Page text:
Leadership Lessons From Sports Teams

Leadership advice always draws attention, so many publications weigh in. One that usually wouldn’t catch my eye appeared in USA Today from a professor at University of Texas at San Antonio about their NBA team. Sometimes reading about different environments raises different thoughts.

The article is a pretty good list of principles gleaned from the team’s approach that I’ve summarized below with some added comments where things might need more thought:

1. Build around your star employees. Fine, build on strengths is well established, but let’s be very clear – not if your stars are prima donnas. Catering to is not the same as building on. Everyone needs to be focused on the common goal, the best overall results and the teamwork needed to get there. If a few key players front the process, we can’t forget the back of the house support either – coaches, marketers, admin people, even facilities and so forth. It isn’t only the visible ‘stars’ but those who are terrific at whatever their roles who need to be built around. A problem with short lists of principles like this tends to be the ‘either/or’ sound they set up giving quick impressions that some may easily interpret to supportbasketball teamwork bad behavior.

1a. Either fire or, better yet, don’t hire prima donnas. I have to add this. It’s worth making a separate point that know-it-alls at any level can destroy teamwork and results fast. To drive home the point one only has to read about the Miami Heat’s struggle to the top, to find better teamwork versus the newcomer teamwork stars of San Antonio. Similar comments have been made about many teams in many sports. Even a small edge with slightly less talented players working as a team makes all the difference.

2. Complement stars with support specialists. Yes, moving in the right direction, but still focused on what’s visible on the court.

3. Identify talent others miss. Now we’re getting places. Some of that talent is right in your operation today as well as discoverable in less than glamorous sources others discount. In other words – don’t just troll competitors and offer higher salaries, though that can be an option occasionally.

4. Prevent employee burnout. Again, not just with stars, but as a broad, basic principle this is very important. Sometimes in sports I think owners and managers burn out faster than anyone, always on deck to face the public, becoming rigid from endless criticism so they fall prey to kneejerk reactions brought on by an excess of limelight. Once again the benefit of being part of a team, having support from others who can share the burdens of decisions might help, though that’s not a typical model at the top of many organizations. We want someone to blame and fail to see this, too, causes burnout.

5. Create opportunities to develop future [star] employees. Amen, too many businesses rely just on the stars continuously and both they and the up-and-coming people who never get a chance suffer.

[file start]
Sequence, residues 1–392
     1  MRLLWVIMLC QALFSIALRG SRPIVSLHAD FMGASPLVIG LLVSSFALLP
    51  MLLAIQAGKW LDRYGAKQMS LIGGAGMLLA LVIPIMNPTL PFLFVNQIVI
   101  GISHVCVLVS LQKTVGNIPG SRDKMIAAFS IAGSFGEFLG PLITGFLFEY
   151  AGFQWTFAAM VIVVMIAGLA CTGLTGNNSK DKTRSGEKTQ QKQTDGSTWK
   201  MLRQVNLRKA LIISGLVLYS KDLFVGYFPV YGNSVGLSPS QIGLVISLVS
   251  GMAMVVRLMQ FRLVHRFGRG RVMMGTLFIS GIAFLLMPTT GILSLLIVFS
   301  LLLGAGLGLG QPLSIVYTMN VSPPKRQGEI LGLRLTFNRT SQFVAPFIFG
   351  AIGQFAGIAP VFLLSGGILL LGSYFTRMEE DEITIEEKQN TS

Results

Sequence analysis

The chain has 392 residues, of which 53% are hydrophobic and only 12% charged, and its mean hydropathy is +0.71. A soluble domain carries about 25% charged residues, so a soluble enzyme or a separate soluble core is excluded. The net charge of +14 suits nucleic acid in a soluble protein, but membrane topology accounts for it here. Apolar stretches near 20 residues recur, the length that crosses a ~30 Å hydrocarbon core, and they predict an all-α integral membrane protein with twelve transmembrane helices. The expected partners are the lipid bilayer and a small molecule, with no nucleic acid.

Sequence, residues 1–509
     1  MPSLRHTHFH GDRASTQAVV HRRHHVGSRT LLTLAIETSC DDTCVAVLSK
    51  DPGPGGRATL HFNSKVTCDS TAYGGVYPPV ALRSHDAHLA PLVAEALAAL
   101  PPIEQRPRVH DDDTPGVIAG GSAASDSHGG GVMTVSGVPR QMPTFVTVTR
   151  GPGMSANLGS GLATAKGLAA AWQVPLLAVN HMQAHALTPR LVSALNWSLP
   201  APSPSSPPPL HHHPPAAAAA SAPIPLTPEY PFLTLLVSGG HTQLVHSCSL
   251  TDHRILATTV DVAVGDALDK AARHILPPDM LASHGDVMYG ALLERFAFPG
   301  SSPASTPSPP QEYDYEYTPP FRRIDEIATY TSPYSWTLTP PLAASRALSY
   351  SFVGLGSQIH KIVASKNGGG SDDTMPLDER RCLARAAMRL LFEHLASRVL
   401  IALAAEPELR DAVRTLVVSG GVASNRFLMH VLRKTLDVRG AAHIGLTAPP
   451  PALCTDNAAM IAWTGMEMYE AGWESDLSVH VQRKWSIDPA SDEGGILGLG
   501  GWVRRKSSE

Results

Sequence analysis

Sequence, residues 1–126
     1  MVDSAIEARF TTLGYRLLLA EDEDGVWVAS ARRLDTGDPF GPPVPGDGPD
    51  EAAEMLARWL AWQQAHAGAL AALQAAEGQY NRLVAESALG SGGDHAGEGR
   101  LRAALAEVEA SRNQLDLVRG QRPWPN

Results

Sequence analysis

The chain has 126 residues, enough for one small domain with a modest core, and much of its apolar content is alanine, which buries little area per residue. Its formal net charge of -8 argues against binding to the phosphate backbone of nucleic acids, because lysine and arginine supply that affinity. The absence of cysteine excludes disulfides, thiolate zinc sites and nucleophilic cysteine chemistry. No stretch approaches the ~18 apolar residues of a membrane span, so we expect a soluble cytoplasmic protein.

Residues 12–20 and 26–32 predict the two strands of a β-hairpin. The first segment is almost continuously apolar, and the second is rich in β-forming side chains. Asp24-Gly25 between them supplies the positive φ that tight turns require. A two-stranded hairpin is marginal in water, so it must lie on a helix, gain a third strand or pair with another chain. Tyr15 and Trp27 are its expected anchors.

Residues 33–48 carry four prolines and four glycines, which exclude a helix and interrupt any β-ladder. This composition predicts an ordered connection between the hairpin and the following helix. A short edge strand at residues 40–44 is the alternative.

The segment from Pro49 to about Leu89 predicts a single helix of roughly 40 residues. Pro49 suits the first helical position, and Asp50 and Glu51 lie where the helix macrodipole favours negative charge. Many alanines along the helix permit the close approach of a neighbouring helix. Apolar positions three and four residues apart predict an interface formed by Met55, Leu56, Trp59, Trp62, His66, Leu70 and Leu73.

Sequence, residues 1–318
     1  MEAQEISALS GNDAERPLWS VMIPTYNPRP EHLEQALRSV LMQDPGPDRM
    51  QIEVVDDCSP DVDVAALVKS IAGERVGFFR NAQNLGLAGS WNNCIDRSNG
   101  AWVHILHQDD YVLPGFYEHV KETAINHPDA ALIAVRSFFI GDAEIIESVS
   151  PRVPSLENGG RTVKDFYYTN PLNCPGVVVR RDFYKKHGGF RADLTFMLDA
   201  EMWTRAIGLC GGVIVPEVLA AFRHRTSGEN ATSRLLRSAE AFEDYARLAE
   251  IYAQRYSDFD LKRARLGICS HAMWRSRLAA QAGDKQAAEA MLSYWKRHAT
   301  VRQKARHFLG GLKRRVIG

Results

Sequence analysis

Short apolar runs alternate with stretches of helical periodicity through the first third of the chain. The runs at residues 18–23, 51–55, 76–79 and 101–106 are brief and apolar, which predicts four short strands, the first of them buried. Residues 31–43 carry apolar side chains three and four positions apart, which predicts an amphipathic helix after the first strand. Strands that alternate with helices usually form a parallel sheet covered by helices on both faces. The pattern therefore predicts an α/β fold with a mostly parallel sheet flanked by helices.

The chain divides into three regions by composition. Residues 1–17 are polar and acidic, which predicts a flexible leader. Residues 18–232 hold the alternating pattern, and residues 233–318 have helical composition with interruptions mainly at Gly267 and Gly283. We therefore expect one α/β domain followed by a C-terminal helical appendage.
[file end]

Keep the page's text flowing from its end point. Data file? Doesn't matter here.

6.-7. Mix old and young – really better to say ‘diversity’ across a broad range of factors to maximize the best of everyone – which plays into Create shared purpose and interdependence (ie: teamwork, need we say it again?)

8.-9. Constantly renew and recognize humans are unpredictable and thus need continual attention and management.

I can’t agree more with the article’s final sentence: “However, effective human resource management enables basketball teams and businesses to maximize their chances of winning.”

So, did I benefit from skimming one more article in the endless flood about leadership? I believe so. The good ones make me ponder just a bit, even if for just a moment, where I stand on what’s effective. What they leave out or mention secondarily often triggers thoughts that firm up my resolve and suggest slightly new ways to argue the points I think are often lost in the debates about what’s most important.

More and more I’ve come to believe the most overlooked point in leadership literature is this article’s last point – effective human resources management is critical to results and that means constantly paying attention to the unpredictability of human behavior, our individual needs and states of mental and physical health. These can be the very things many managers at all levels, and very often the aggressive ones who fight to the top, want to ignore or actively campaign against.

Dealing with the human side of enterprise can be frustrating, time-consuming and may appear time-wasting to executives in a hurry to get further up the ladder of success either personally or dragging their companies with them. But failing to pay attention or strategize these requirements can devastate an organization and demoralize those in it faster than just about any other type of crisis. That’s a key reason our surveys show so much disengagement.

It’s not like these principles of leadership are especially new, nor are they even especially difficult to carry out well. But they do seem to require constant reminders, reinforcement and clarification so they don’t encourage the wrong behaviors, like focusing on prima donnas rather than the true stars who are often ‘humble,’ to apply an increasingly common descriptor for the most effective leaders. We’re all different and having more ego need is a valid difference. But if you’re truly a star you pretty much get more than your share quite naturally and can afford to be humble. If you’re still ego driven after that – watch out. It may seem a small point to harp on, but one only has to look around, not just in sports, to see examples of where it drives its wedge into otherwise high potential operations.

It’s often been observed that Wayne Gretzky built up an amazing number of assists in addition to personal goals scored. Nothing prevents a star from helping team members at least as much as they help themselves.